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IRF Ministerial Logo Green [State Department Image]

Ministerial to Advance Religious Freedom

Statement on Iran

As representatives of the international community, we stand together in condemning the systematic, ongoing, and egregious violations of religious freedom taking place in Iran and call on authorities to ensure religious freedom for all. Many members of Iranian religious minorities – including Baha’is, Christians, Jews, Zoroastrians, and Sunni and Sufi Muslims – face discrimination, harassment, and unjust imprisonment because of their beliefs.

The Iranian regime continues its crackdown on Gonabadi Sufis. Hundreds remain unjustly detained, with several deaths reported at the hands of Iran’s brutal security forces. In June, Iran executed by hanging a Sufi bus driver following a trial described by international monitors as “grossly unfair”, while it continues to hold the group’s religious leader, Dr. Noorali Tabandeh, under house arrest, denying the 91-year old man much needed medical care. Baha’is also face particularly severe ill-treatment. As with many other minority communities, Iranian authorities reportedly harass, arrest, and mistreat Baha’is on account of their faith, and in May the Baha’i International Community reported an uptick in arbitrary arrests and raids across the country. One Baha’i leader, Afif Naeimi, jailed because of his religious affiliation, continues to serve a 10-year prison sentence handed down in 2008 despite his declining health. Iranian authorities also routinely employ anti-Baha’i rhetoric, close Baha’i businesses, and deny Baha’is access to education.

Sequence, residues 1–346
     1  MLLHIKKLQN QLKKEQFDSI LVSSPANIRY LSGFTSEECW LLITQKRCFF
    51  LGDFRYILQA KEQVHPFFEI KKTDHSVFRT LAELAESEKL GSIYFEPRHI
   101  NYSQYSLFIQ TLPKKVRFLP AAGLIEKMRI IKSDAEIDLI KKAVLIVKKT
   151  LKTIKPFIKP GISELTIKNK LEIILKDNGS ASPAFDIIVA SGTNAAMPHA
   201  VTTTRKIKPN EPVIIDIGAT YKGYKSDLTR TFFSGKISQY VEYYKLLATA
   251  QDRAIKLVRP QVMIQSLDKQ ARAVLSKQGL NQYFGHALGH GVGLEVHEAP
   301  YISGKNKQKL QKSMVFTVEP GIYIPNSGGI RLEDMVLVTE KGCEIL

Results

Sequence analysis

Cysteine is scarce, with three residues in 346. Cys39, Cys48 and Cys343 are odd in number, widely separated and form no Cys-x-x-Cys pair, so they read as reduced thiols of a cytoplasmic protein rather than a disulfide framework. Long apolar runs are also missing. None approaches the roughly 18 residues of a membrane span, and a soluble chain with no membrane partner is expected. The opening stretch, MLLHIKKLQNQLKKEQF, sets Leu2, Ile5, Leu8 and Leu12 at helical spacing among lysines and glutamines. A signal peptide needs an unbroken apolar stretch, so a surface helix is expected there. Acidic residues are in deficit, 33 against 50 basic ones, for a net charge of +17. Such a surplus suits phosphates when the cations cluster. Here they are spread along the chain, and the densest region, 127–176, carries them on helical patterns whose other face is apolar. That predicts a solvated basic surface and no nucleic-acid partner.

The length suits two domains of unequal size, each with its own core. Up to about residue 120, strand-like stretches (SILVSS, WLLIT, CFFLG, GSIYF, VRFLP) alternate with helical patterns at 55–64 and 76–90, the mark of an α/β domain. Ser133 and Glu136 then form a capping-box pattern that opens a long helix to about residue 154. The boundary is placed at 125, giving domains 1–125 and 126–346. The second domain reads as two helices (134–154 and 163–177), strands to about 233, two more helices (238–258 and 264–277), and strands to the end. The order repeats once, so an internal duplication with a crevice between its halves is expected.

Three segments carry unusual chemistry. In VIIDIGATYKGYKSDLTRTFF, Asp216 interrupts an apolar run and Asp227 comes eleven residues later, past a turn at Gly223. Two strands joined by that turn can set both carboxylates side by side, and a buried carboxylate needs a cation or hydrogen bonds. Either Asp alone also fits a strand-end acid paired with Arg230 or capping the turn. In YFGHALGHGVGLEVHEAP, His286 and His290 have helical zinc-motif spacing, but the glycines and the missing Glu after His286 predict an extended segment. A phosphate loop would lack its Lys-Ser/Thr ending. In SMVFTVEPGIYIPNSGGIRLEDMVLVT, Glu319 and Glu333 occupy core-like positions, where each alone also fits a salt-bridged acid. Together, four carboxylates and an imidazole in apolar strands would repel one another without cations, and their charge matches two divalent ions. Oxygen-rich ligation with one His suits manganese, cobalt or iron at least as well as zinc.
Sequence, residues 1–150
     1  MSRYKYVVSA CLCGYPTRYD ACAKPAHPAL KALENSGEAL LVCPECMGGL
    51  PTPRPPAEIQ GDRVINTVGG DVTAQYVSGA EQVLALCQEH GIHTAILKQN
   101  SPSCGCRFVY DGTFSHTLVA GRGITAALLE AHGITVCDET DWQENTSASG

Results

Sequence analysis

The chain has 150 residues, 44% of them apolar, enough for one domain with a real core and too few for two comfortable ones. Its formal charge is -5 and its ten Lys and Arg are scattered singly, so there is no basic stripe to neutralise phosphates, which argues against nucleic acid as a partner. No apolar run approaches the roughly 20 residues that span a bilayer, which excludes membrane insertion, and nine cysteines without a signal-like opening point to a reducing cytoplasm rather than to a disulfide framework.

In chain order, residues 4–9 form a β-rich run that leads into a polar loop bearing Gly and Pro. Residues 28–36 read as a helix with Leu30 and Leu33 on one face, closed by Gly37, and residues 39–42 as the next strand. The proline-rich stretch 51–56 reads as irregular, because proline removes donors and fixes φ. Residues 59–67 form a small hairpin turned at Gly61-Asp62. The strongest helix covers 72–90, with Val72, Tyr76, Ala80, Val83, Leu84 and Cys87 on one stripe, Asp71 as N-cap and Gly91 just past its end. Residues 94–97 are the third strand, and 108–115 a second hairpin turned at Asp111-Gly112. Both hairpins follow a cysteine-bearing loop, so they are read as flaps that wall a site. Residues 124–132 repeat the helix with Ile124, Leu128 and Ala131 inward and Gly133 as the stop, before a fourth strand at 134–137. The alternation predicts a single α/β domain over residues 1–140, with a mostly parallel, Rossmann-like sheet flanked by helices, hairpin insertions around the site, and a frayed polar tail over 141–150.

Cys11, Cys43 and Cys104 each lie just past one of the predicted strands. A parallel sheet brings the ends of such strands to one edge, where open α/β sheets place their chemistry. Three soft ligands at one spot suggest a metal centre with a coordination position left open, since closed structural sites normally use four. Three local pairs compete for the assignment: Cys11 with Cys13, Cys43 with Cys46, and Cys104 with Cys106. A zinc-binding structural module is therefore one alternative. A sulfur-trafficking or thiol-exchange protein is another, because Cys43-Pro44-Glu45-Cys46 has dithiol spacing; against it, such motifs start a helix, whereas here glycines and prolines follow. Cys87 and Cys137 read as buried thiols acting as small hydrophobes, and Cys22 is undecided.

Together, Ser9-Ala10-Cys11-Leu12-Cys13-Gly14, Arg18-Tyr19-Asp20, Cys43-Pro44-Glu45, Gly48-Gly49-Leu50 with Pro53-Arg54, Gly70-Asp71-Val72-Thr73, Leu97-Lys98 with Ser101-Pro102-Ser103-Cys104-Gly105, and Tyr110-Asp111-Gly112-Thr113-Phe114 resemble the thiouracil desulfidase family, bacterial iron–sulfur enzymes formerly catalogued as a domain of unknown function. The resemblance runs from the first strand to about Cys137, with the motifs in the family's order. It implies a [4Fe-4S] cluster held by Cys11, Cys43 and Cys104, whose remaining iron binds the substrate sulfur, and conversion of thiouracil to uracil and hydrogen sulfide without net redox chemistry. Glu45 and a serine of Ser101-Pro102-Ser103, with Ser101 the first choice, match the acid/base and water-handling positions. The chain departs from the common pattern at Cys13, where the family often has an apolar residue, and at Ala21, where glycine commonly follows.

The Government of Iran continues to execute dissidents, political reformers, and peaceful protesters on charges brought because of their peaceful religious beliefs or activities. Blasphemy, apostasy from Islam, and efforts to proselytize Muslims are punishable by death, contrary to Iran’s international human rights obligations. Authorities monitor Christian religious practices closely to enforce a prohibition on proselytizing, which continued to result in the jailing of pastors and members of house churches. Shia Muslim religious leaders who do not support government policies also face intimidation and arrest. There are reports that Sunni Arabs are routinely harassed and tortured because of their religious beliefs, and even executed for crimes such as blasphemy that could not be justified as “most serious crimes” under Iran’s international human rights obligations. The religious books and teachings of these communities are largely banned throughout the country.

Countries that respect and ensure religious freedom and other human rights are more secure, stable, and peaceful than those that do not. We strongly urge the Government of Iran to cease its violations of religious freedom and ensure that all individuals – regardless of their beliefs – are treated equally and can live out their lives and exercise their faith in peace and security.

Co-Signatories: Canada, Djibouti, Kosovo, UAE, United States of America

U.S. Department of State

The Lessons of 1989: Freedom and Our Future